Rivals see opening in Dominion Energy’s political success
RICHMOND, Va. (AP) — Dominion Energy has long had unrivaled success at getting friendly legislation through the Virginia General Assembly, a political advantage that by some counts has been worth billions of dollars in profits.
The parent company of the state’s largest electric utility has massive sway in crafting Virginia’s energy laws, including legislation passed earlier this year that likely eliminated any chance of the company having to lower electric rates that regulators have routinely found to be too high.
But that political prowess is now being cheered by unlikely sources: Dominion’s would-be competitors.
Independent retail energy companies that buy and sell electricity say Dominion’s success at shaping the state’s energy policy has led to higher-than-necessary prices, unhappy customers and new opportunities for other energy companies.
“The market has caught up to them,” said Leonard Pulley, the owner of retail energy company EA Power Solutions.
Retail giant Walmart recently informed state regulators that it wants to buy electricity from someone besides Dominion and Appalachian Power, the state’s second largest utility. And several other large companies, including Target, Microsoft and Home Depot, indicated during this year’s legislative session that they’d like state laws changed to make shopping around easier. The companies want to shorten the five-year notice they would have to give utilities if they leave and then wish to come back.
Large energy users nationwide are showing a greater appetite to shop around for their electricity, said Phil O’Connor, an energy consultant and former Illinois utility regulator.
Low natural gas prices, a more mature independent retail energy market and rising prices among utilities to offset stagnant customer growth are making deregulated environments more attractive, he said. Most deregulated states have seen their average price per kilowatt hour drop in the past 10 years while most regulated markets have seen prices rise, according to O’Connor’s analysis of U.S. Energy Information Administration data.
“There’s a growing awareness of the divergence in price paths,” he said.
Virginia’s rates are generally competitive with similarly situated electric monopolies in the Southeast and are slightly lower than the national average. But the company’s critics charge that Dominion, the state’s largest corporate campaign contributor, has routinely pushed through legislation that’s padded its profits at the expense of customers.
That includes a 2014 law that allowed Dominion to pass along to customers the costs of a nuclear plant that may never be built, a 2015 law that temporarily blocked regulators from lowering Dominion’s rates and this year’s legislation, which gives Dominion new flexibility in accounting for costs that virtually guarantee its rates can’t go down.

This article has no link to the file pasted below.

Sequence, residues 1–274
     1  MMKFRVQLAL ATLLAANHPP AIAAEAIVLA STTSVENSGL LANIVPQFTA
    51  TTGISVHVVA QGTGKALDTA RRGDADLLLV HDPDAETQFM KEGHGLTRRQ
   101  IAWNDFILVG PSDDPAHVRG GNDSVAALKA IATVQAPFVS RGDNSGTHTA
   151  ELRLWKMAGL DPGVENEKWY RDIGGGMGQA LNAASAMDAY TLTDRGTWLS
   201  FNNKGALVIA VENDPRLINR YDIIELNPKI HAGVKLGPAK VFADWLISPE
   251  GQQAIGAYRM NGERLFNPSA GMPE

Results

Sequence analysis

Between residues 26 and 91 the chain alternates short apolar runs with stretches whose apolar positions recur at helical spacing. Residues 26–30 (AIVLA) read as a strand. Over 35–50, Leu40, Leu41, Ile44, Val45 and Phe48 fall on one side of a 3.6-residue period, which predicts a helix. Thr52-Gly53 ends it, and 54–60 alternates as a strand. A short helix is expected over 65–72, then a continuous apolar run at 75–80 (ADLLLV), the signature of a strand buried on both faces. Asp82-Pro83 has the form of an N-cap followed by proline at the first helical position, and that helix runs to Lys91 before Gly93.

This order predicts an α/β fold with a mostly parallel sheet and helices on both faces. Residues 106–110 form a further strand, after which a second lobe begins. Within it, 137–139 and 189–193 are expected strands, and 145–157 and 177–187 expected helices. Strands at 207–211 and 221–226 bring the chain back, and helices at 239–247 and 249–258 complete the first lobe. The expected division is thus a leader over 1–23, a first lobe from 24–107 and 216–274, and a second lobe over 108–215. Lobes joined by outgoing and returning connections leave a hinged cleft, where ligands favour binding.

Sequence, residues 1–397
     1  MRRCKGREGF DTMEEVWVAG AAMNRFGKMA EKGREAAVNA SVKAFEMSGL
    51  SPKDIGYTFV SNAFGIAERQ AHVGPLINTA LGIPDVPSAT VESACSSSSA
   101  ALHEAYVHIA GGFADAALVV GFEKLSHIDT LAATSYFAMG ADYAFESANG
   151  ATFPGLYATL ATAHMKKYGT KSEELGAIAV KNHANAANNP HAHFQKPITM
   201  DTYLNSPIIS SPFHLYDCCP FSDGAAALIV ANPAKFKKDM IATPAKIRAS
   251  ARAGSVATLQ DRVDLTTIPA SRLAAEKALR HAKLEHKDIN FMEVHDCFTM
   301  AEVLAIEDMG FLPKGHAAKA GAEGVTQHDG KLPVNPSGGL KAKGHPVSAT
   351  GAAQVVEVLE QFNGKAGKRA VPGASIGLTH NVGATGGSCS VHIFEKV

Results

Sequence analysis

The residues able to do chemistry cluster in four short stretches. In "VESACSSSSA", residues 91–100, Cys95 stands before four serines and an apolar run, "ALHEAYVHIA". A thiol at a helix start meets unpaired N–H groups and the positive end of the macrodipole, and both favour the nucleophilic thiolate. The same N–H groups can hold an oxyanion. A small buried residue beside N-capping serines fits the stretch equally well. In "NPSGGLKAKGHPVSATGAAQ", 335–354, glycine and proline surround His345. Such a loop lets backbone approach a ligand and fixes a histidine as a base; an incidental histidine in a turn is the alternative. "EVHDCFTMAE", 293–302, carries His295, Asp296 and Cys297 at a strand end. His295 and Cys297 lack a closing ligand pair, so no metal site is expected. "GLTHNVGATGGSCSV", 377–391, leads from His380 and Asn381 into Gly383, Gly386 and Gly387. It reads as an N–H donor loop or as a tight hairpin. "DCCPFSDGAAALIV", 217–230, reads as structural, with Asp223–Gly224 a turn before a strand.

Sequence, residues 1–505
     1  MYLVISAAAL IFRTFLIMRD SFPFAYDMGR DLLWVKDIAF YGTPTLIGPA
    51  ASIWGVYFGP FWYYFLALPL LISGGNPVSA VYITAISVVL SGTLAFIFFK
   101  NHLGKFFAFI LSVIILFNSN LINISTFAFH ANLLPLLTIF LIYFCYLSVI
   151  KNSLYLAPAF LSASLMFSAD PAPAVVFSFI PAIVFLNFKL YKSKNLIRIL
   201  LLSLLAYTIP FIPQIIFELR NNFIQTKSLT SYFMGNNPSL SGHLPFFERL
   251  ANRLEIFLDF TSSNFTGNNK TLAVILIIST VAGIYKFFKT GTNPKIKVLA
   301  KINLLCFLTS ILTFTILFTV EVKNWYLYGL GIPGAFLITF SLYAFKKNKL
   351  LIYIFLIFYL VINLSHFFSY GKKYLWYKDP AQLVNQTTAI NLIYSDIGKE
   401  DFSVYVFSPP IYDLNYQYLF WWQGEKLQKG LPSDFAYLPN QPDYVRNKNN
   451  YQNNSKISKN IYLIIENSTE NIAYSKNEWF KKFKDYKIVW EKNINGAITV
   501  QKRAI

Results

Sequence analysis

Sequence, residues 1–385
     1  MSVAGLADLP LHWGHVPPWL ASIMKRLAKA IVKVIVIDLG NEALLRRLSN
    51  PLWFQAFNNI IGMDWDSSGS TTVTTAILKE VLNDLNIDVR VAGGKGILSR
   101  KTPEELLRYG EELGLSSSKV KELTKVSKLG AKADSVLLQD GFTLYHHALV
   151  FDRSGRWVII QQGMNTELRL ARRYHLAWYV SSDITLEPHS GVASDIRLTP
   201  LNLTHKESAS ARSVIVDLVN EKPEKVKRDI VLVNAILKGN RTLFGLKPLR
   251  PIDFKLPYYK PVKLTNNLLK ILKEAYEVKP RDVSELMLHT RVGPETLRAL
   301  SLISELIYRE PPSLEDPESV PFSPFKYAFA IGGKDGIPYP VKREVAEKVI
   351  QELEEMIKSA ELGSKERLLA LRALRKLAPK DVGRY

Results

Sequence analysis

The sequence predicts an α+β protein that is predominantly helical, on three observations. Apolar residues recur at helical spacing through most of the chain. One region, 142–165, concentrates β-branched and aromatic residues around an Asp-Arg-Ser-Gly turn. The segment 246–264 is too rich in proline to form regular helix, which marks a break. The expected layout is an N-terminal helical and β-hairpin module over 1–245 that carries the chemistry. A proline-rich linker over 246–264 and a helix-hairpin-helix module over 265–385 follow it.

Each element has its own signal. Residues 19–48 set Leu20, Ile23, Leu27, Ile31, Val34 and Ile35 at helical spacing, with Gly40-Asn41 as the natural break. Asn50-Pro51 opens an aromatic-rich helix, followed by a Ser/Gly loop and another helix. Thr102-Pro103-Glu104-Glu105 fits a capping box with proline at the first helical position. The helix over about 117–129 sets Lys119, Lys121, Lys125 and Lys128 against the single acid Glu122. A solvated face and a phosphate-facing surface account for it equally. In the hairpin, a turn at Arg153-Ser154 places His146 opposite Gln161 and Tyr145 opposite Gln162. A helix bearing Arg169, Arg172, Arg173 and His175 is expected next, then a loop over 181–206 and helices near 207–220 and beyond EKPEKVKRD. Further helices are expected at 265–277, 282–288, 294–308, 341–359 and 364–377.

Ron Cerniglia, director of Corporate Regulatory Affairs at Direct Energy, the country’s largest retail energy provider, said the most recent legislation has prompted many of Dominion’s big customers to explore other options.
“I see a big trend moving in the direction of competition despite the best efforts of Dominion,” he said.
Dominion says it’s supported legislation that’s benefited customers and the vast majority aren’t interested in shopping around.
“There may be a few examples of customers who are willing and able to accept the risks and potential volatility of choosing an alternative supplier, but most of our customers prefer the safety and stability we offer,” Dominion spokesman David Botkins said.
States have had a mixed track record with deregulated energy markets, and the collapse of Enron Corp. in 2001 led officials in several states to rethink ending traditional state regulation of prices.
Virginia tried deregulating the electric market two decades ago, but the experiment failed to generate competition for a variety of reasons.
It’s now one of a handful of states with electric monopolies where customers can shop around under certain circumstances. Under Virginia law, customers using at least 5 megawatts a year or any customer wanting to use 100 percent renewable energy can buy electricity from a company other than the electric monopoly.
States with similar setups are seeing friction between heavy energy users and the dominant electric utility.
Nevada’s electric monopoly has been at odds with casinos and tech companies. A ballot initiative aimed at making it easier for customers to leave the utility passed with 72 percent of the vote in 2016 and will become part of the state constitution if it passes a second statewide vote later this year.
In Virginia, Dominion is trying a carrot-and-stick approach with customers that may be thinking of looking around.
The Dominion-backed legislation passed earlier this year offered large customers an olive branch: a 2 percent reduction on their base rates if they agree to stay on with the company.
But for customers that do try to leave, Dominion is pushing back hard. It’s asking regulators not to approve Walmart’s petition to aggregate its stores to meet the 5 megawatt threshold and recently filed an appeal with the state Supreme Court seeking to block a food-packaging company from aggregating its load.
Dominion has argued that customers shouldn’t be able to aggregate because if too many of them left, it would mean higher prices for the remaining customers.
“It constitutes very bad precedent and policy,” the company said.